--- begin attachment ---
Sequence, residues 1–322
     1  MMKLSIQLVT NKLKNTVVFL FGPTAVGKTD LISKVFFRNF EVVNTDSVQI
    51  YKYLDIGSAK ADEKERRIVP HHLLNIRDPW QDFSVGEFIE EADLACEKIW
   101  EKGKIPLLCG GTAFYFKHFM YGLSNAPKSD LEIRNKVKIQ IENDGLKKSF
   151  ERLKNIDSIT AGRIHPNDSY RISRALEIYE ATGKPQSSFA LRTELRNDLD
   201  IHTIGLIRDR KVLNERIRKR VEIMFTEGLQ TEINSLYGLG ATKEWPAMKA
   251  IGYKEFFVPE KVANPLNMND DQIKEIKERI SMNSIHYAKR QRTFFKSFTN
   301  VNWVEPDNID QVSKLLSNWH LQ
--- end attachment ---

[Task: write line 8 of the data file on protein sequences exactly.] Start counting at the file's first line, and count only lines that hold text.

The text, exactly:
   301  VNWVEPDNID QVSKLLSNWH LQ